Diseases carried by ticks are several, but the ones most of us have heard about are Rocky Mountain Spotted Fever and Lyme Disease. Of these two, the former is more likely to cause fatalities, and treatment with antibiotics must be started within five days of the onset of symptoms.
Lyme Disease, on the other hand, is less likely to be fatal, but can cause lifelong recurring flare-ups. These include debilitating joint pain, and make it difficult to get around.
Preventing Tick Bites
This is where the advice about long sleeves, long pants, and high-topped shoes or boots that leave no gap between pants and shoes comes well into play.
While mosquitoes can and do bite through clothing, a tick must have direct skin contact to do its dirty work.
What Does a Tick Bite Look Like?
How Do You Get a Tick Out?
Unlike fleas and mosquitoes, which "bite and run," ticks embed themselves into the skin, and must be removed as quickly as possible.
The Centers for Disease Control (CDC), recommends against using any of the folklore remedies, such as coating it with petroleum jelly, nail polish, or other substances, as these act by making the tick detach, but not quickly. The object is to get rid of the invader as quickly as possible.
So, the recommended procedure is to grasp the tick as close to its head, which is the part buried in the skin, as possible, using clean, fine-tipped tweezers. Then, pull upward slowly and steadily. Jerking it can cause the tick to break in half, leaving the mouth parts embedded in the skin. Not a desirable outcome.
Then, clean the area well with soap and water, alcohol, or an iodine scrub; whichever is available. Wash your hands well, and be sure to dispose of the tick where it will not contact anything else. Down the toilet is the best method.
Advise your doctor if a tick has bitten you and ask what you need to do next. You may have to monitor the area, or even be seen quickly.
These pests are becoming more widespread, due to the increase in international travel. They are nearly invisible to the naked eye, but can be seen if you look carefully. Their profile is very flat, which is why they are hard to see.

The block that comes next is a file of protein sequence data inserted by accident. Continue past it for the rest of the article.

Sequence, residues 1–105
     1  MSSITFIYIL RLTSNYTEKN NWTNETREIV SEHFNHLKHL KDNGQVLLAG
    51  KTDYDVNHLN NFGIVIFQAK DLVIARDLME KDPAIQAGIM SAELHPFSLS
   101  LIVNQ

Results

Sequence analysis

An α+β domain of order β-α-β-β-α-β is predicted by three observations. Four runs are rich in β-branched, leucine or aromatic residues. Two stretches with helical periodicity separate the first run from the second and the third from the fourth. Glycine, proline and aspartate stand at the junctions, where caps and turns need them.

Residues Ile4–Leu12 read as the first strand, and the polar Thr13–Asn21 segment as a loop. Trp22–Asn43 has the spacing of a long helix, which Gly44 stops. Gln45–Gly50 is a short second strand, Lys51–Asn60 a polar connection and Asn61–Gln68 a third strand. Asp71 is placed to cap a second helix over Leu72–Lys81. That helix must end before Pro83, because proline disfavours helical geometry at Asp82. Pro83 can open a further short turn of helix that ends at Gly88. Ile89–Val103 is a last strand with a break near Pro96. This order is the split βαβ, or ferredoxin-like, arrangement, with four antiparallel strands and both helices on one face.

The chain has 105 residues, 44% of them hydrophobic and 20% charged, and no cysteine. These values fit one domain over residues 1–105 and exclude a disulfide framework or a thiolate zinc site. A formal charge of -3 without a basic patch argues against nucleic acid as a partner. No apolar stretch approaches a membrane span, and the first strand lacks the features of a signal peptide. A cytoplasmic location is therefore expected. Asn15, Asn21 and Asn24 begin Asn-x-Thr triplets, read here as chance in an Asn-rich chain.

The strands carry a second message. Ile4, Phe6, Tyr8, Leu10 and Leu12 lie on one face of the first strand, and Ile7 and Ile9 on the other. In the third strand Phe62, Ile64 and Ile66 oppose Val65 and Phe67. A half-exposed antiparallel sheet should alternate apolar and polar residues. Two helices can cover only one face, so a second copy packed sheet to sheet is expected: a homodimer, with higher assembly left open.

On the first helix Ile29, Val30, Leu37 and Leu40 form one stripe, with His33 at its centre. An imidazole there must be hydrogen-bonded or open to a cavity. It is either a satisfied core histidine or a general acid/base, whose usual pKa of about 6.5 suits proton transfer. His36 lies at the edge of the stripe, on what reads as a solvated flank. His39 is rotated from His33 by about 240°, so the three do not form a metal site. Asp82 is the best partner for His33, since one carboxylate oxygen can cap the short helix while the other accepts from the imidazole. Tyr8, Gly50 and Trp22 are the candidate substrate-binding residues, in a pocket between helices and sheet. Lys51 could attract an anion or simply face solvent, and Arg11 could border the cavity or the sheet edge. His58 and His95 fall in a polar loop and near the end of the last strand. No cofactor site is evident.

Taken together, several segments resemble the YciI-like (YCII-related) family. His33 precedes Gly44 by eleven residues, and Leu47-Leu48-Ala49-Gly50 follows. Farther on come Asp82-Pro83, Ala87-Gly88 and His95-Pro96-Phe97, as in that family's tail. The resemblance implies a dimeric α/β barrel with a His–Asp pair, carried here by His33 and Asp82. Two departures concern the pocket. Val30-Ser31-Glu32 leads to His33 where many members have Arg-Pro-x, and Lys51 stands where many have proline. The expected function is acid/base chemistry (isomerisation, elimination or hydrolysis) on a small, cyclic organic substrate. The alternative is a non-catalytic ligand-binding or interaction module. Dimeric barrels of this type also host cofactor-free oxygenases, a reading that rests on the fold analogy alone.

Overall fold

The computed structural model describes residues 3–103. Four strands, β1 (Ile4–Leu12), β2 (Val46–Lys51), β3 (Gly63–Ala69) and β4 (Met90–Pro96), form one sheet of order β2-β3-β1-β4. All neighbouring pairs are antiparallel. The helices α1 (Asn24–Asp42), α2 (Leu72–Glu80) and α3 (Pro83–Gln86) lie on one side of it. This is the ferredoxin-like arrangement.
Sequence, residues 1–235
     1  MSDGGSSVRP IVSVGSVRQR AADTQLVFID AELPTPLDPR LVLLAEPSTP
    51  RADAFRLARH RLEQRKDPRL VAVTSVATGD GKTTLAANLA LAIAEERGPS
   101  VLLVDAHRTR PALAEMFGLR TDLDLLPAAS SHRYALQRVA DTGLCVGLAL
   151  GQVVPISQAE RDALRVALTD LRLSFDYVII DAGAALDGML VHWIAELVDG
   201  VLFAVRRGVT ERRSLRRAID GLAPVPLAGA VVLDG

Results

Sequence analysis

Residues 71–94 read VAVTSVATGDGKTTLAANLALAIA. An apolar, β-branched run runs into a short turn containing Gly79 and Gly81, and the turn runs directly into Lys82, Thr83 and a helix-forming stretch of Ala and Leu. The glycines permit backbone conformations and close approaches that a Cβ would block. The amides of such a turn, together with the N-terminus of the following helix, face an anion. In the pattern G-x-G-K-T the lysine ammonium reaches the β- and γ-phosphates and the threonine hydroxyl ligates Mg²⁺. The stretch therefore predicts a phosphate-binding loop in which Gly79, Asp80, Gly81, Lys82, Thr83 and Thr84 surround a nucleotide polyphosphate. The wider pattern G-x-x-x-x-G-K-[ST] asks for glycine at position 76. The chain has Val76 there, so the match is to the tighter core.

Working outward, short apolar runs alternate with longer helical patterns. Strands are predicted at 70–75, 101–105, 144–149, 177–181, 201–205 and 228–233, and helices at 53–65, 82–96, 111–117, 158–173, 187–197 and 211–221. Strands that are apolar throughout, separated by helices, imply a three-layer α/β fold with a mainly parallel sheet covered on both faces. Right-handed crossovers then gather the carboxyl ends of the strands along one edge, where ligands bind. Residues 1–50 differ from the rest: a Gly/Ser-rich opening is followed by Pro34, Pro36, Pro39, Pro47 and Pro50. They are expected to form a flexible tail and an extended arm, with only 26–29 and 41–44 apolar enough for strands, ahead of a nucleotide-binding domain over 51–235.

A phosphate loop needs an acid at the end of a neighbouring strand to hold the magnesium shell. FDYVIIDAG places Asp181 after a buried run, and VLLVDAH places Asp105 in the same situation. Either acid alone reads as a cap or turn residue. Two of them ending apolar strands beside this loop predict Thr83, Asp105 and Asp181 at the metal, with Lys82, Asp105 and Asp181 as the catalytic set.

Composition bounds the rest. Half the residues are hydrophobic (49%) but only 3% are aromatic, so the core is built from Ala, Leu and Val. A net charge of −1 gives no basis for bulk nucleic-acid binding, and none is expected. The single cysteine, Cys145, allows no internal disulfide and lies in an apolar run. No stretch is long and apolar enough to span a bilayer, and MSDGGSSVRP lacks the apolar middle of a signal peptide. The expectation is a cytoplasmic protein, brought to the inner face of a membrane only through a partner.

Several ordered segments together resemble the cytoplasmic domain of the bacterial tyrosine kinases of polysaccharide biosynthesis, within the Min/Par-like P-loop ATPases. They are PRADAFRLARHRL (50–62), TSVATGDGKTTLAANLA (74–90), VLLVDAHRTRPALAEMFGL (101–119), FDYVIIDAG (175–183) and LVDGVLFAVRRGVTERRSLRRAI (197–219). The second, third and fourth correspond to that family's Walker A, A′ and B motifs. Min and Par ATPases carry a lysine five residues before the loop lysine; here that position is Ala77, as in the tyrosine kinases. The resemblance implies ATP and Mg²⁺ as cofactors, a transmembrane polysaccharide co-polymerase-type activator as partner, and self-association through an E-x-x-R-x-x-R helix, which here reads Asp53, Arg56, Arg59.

They like to hide in small crevices, and get their name from their habit of hiding in the seams of mattresses and bedding. They are most commonly found in areas where many people share the same space, either together or in sequence, such as hotel rooms, college dorms, and the like. They easily and willingly hitch rides to new places on or in clothing, suitcases, pets, etc.
While they are not a disease-carrying culprit, they are a major annoyance, and can cause a maddening itch in those who are allergic. The reason they like beds and other upholstered furniture is that they are attracted to the carbon dioxide we breathe out. Those locations keep them handy to us for feeding on our blood while we sleep. Ugh!
The best prevention is cleanliness. Vacuum often, including between furniture cushions and mattresses.
What do Bedbugs Look Like?
How Do You Treat All These Bites?
The main lingering problem of all insect bites is the itching. It can range from mild to maddening.
There are several old stand-by products on the market, such as that "pink stuff" our parents used to slather on to us for anything from bug bites to measles: calamine lotion.